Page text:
KD: Lars doesn’t tell you at all how we’re going to do the scene, so I didn’t know if it was going to be very graphic. It says Justine basically rapes this kid. So, I was like “Oh my god”. I was so nervous in the trailer. Me and Brady, who is now my friend, who was in the movie with me were like “How is he going to shoot this? Is it going to be really close? Am I going to take my wedding dress off?” Then, we get to the set. The camera is so far away and everything’s being shot from this really long distance. I was like “Thank god”, but that was the most nerve-wracking for me just because it’s so awkward. I dont know how I’m going to phase into sex scenes as an adult, because I also had one to do not long ago. It’s so awkward. It’s the worst. I hate them.

QUESTION: When you work with a director that doesn’t do a lot of rehearsals, how does that affect your process?

KD: Every film set is a totally different energy. Being on Lars’ set is the best film school in the world.

QUESTION: With a role that’s so dark, is there a lightness when the cameras aren’t rolling?

KD: I was playing Angry Birds in my trailer (laughs). You’ve got to. You have to self-preserve. That’s part of it, too. You don’t have to sit there and be depressed to play depressed. Actually, you should be in a good place to play depressed, I think.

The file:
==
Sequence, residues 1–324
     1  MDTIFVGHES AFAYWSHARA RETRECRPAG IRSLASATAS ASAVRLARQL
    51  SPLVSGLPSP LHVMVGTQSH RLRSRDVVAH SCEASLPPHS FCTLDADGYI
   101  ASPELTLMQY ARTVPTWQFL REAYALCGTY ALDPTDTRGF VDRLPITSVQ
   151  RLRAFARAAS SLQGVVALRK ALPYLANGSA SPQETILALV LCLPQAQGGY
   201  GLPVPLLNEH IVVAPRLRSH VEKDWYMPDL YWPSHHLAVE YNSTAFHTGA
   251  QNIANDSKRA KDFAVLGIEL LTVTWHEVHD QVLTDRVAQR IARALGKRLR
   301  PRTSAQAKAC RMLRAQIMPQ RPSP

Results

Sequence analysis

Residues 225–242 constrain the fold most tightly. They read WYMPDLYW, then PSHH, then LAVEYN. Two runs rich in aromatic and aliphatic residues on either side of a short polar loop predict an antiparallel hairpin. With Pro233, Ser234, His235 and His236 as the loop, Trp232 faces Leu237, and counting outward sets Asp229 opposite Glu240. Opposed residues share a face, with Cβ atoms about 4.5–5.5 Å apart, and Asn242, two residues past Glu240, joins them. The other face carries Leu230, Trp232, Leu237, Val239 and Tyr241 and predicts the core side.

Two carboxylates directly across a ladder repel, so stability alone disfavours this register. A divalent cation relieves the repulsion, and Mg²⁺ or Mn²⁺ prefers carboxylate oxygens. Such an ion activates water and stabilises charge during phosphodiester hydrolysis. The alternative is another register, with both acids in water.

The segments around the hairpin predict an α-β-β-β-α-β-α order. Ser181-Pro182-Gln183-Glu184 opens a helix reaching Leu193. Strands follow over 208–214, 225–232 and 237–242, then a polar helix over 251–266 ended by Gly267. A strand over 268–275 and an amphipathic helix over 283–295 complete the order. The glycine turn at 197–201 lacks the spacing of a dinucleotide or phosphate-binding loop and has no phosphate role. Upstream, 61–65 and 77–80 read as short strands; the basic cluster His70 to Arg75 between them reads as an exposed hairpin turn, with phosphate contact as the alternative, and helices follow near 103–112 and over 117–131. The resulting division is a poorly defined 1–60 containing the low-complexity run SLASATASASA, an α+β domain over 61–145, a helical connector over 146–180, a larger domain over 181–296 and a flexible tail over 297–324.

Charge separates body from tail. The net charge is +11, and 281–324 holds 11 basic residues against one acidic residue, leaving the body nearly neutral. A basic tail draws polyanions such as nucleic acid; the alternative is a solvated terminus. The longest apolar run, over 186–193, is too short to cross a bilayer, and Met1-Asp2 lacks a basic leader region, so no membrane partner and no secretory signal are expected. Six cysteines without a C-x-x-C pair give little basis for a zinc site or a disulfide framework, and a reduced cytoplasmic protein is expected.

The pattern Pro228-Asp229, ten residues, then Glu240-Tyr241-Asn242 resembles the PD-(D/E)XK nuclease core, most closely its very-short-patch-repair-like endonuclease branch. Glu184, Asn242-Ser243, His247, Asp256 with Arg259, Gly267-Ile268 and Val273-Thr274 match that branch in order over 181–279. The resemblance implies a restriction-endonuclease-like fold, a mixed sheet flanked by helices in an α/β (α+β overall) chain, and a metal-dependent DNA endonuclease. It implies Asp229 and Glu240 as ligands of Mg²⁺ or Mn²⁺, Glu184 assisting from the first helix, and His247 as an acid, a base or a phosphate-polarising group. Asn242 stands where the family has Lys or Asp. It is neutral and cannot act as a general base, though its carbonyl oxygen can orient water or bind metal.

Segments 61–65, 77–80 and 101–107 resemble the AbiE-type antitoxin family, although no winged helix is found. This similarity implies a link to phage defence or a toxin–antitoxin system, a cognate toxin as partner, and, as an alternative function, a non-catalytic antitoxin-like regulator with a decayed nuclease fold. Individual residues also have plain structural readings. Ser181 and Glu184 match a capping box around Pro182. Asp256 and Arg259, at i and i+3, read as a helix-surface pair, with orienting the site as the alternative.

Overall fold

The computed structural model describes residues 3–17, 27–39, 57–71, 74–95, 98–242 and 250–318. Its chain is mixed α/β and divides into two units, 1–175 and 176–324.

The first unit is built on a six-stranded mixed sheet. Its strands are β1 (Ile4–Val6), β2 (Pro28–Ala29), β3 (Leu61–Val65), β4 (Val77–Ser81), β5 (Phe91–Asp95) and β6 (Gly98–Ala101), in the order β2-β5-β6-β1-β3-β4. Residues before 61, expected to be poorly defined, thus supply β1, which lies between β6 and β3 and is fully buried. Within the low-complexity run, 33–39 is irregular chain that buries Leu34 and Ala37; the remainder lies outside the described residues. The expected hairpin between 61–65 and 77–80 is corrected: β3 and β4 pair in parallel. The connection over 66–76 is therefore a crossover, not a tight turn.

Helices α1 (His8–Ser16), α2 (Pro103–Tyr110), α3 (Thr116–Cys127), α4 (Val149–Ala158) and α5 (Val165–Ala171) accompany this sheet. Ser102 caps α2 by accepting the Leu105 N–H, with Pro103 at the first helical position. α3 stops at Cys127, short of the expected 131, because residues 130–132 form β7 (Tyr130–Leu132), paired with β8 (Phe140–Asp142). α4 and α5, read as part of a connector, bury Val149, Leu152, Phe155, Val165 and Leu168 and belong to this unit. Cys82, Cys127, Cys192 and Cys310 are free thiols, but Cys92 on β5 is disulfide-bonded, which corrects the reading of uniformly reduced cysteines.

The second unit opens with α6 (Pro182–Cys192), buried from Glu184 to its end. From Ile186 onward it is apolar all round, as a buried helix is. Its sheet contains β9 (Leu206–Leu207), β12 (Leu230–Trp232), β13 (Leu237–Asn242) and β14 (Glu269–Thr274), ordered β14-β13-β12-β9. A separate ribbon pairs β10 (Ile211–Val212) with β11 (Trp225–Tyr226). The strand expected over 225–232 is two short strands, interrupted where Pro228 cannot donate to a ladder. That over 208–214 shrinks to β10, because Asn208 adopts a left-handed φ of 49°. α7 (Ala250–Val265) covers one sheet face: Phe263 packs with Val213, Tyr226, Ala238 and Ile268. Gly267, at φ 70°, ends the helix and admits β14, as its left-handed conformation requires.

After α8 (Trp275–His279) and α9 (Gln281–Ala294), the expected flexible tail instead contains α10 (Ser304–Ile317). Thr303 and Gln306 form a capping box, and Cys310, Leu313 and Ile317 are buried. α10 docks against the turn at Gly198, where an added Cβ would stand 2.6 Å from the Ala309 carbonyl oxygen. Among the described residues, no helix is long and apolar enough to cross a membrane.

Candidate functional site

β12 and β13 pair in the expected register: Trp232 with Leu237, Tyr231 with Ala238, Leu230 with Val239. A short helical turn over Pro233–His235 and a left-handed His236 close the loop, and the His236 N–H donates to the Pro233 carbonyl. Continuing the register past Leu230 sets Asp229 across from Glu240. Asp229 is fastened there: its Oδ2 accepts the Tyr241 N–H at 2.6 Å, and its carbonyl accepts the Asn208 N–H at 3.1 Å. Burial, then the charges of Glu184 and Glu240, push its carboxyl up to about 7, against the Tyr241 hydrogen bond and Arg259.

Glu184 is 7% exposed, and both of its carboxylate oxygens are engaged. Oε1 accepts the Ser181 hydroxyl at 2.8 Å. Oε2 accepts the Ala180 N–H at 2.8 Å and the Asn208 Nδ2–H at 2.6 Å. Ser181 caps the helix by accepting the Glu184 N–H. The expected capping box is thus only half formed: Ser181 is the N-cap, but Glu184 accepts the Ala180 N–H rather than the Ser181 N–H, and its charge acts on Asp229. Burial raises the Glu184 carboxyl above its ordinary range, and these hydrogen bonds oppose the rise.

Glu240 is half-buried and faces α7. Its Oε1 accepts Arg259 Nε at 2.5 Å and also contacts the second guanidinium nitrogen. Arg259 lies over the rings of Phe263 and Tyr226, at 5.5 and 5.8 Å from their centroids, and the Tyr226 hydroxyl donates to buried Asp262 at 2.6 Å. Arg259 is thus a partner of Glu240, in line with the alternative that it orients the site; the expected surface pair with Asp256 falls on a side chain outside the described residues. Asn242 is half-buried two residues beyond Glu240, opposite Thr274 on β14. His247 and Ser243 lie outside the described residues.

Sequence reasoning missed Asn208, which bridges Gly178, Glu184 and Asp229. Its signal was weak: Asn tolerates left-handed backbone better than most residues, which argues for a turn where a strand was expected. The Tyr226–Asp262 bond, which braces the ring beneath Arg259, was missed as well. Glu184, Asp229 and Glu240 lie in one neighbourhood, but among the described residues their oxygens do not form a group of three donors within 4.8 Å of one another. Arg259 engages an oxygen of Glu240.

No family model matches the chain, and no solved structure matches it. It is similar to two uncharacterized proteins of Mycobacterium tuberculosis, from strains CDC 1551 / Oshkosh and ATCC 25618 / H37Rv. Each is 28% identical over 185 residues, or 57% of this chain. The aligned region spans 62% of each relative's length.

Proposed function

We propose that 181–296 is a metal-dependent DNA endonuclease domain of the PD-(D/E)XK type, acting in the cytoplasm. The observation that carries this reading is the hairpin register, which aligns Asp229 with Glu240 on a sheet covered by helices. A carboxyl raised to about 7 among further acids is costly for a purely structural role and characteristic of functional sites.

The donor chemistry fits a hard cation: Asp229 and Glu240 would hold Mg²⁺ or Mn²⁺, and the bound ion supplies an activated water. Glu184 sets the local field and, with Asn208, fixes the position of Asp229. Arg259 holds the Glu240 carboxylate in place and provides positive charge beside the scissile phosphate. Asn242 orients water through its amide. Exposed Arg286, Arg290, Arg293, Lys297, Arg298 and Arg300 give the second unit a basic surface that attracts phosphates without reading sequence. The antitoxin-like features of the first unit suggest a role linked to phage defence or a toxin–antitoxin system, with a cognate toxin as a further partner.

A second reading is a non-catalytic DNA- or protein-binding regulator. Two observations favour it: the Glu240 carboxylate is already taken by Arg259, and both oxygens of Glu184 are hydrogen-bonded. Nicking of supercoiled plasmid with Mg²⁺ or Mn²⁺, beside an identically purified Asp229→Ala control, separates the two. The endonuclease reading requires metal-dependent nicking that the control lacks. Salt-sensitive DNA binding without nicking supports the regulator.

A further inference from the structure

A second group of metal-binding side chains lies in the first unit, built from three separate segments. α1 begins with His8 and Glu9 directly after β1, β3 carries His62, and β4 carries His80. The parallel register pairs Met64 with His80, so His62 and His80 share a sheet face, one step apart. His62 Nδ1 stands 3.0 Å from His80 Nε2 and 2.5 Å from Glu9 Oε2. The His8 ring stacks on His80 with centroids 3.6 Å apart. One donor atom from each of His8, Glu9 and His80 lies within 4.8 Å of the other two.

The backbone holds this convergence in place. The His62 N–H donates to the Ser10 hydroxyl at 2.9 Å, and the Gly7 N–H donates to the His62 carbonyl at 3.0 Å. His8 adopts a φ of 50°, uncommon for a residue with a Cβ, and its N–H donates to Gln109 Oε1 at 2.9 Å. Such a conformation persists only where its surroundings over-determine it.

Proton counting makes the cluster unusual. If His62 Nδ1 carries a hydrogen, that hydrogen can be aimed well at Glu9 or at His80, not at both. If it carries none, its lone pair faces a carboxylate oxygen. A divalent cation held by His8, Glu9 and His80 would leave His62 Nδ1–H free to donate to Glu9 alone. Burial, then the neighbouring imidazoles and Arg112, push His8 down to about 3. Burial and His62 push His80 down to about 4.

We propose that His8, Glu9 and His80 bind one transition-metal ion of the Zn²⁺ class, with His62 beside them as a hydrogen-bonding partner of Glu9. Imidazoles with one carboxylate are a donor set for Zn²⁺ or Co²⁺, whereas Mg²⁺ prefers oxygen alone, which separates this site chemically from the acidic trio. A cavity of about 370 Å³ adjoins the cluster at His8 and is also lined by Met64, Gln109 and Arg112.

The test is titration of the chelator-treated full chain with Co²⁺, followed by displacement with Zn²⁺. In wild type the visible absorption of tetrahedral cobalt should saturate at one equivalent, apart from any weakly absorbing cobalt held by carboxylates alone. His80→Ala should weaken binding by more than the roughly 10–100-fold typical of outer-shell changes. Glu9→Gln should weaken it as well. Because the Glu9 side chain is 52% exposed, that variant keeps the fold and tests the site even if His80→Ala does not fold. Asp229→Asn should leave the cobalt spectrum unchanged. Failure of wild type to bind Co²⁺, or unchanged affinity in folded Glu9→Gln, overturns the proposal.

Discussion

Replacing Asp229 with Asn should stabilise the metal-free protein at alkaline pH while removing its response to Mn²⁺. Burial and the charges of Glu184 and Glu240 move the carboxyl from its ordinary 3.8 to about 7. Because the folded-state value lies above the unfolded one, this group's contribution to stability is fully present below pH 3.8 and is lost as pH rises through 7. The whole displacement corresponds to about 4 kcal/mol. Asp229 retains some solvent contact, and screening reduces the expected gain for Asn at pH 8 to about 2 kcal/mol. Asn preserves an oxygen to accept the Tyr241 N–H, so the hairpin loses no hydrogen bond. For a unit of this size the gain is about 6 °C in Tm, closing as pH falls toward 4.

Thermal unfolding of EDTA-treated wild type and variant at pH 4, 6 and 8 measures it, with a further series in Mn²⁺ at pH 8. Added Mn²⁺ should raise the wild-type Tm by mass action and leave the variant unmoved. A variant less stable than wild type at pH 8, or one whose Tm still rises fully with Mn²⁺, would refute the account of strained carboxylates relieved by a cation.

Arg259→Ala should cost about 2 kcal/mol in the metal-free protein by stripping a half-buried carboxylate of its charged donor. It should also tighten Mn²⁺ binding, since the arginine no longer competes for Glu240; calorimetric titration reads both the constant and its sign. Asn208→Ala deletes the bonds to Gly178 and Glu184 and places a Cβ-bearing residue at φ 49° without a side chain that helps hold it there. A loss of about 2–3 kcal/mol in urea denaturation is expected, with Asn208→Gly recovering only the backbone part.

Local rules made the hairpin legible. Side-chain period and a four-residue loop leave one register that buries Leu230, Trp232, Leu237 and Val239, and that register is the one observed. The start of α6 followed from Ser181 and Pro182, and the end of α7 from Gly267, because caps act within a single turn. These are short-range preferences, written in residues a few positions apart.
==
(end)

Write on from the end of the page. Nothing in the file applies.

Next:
QUESTION: How was winning Best Actress at Cannes? There must be a chance for an Oscar, right?

KD: That would be awesome (laughs). Winning Cannes was pretty spectacular. I’m very grateful. If I was nominated, I would be very grateful and honored.

QUESTION: Do you think this role will signal a new phase in your acting?

KD: When you’re older, you have different opportunities, roles are different, and there’s more to do. When I found out I got this film, I was doing a film called Upside Down and I was playing the ingenue. It was very “Love Story”, but it was such a beautiful and crazy world that this director Juan Solanas creates that I wanted to be a part of it. But I still play the girlfriend. That’s what a lot of the female roles are, but hopefully, it’ll be an interesting movie.